Syria crisis: A Palestinian plea from Yarmouk refugee camp

"They are absolutely desperate; desperate for help and desperate to get out"

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"Please, please take us out, we are dying here," 60-year-old Wafiqa pleads, sobbing uncontrollably as she cradles her lined face in rough gnarled hands.

She stumbles toward us in her grief, toward anyone she thinks can rescue her from the punishing eight-month siege of Yarmouk, a devastated Palestinian refugee camp south of Damascus.

Just behind her, a tide of hundreds of people presses against a security barrier. Armed men struggle to contain a crowd desperate to reach a UN food distribution point at the end of a narrow rutted road that cuts through a desolate wasteland of utter ruin.

"I'm so tired, so tired," one woman cries out.

Palestinian refugee Wafiqa in Yarmouk camp Wafiqa: "Please take us out, we are dying here"

It was as if she was a self-appointed spokesperson for the suffering.

So many were in tears - old men bent over in wheelchairs, exhausted women with vacant stares, distraught children of every age. Many show signs of malnutrition.

"We had to eat local herbs boiled with spices," one mother told me. One of her daughters in a pink pushchair was inconsolable. Her little scuffed black patent shoes and a fraying tweed coat may have been the last remnants of a better life lived long ago.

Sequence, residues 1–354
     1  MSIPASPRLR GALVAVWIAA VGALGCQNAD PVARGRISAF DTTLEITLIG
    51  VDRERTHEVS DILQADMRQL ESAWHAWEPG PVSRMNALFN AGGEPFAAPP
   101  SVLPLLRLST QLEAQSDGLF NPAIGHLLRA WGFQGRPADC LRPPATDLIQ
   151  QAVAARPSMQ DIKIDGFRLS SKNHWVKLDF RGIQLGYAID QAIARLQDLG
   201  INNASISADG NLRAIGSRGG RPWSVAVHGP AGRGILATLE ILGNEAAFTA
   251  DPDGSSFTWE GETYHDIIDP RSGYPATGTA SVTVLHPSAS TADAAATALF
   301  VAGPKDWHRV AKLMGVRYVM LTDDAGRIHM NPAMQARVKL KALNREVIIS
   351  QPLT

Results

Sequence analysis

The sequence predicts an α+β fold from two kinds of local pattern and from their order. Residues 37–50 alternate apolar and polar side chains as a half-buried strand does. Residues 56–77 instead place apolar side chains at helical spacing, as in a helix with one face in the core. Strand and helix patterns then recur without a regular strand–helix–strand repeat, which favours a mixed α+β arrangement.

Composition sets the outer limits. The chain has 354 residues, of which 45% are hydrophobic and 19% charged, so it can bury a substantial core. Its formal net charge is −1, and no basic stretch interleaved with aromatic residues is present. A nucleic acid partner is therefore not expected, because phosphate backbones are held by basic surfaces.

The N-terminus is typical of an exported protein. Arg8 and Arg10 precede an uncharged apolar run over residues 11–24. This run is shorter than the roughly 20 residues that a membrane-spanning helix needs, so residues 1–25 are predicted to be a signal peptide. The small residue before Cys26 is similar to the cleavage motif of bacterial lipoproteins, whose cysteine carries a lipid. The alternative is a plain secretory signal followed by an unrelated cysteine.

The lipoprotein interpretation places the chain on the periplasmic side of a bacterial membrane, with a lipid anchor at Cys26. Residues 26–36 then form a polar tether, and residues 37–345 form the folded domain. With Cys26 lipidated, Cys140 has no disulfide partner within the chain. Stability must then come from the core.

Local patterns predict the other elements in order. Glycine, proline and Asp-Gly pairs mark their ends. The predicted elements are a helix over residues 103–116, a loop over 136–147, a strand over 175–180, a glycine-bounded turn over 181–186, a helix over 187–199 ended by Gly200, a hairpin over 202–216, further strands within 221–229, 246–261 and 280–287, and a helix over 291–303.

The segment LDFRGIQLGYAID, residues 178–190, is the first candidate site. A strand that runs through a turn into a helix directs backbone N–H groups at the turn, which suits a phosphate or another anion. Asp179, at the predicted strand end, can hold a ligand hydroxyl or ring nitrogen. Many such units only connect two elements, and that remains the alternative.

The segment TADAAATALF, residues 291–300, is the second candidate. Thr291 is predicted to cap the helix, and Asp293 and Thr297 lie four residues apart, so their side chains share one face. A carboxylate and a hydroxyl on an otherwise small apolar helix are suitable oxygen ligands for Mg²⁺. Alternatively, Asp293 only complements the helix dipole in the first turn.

Emotion was so raw it was as if disaster had just struck.

Fragile food deal

And Yarmouk looks like an earthquake zone. Buildings are now shells of gaping holes with jagged slabs of concrete and plaster hanging from the floors. Some are just mounds of rubble.

Queue for food in Yarmouk camp Refugees queue for food, but the UN has to struggle to make every delivery

But this is a human catastrophe born of a conflict where food is a weapon of war.

The UN's Relief and Works Agency, Unrwa, which takes care of Palestinian refugees, first secured access to a camp which is now one part of a sprawling suburb, on 18 January. A fragile agreement between Syrian rebel groups and government forces working with Palestinian factions has allowed limited amounts of food and medicine to be distributed, on and off, since then.

The deal means Syrian rebel groups will leave this camp, to be replaced by Palestinian factions allied to the Syrian government.

But with details of sensitive new security arrangements still being negotiated, the UN has had to do battle every day to arrange the delivery of aid. On many days, no food at all has been given out.

The day we enter Yarmouk with the UN after securing permission from the Syrian government, only about 60 food parcels are handed out to men and women who line up, in neat and orderly separate queues.

Behind them, inside blackened buildings, we could make out more queues forming with people shouting and pushing forward. Thousands more people further inside were not even able to reach this narrow opening.

On some days there've been angry protests over the the indignity of being forced to gather in such a cramped area instead of being allowed to go to one of the Unrwa buildings, which are relatively intact, further inside.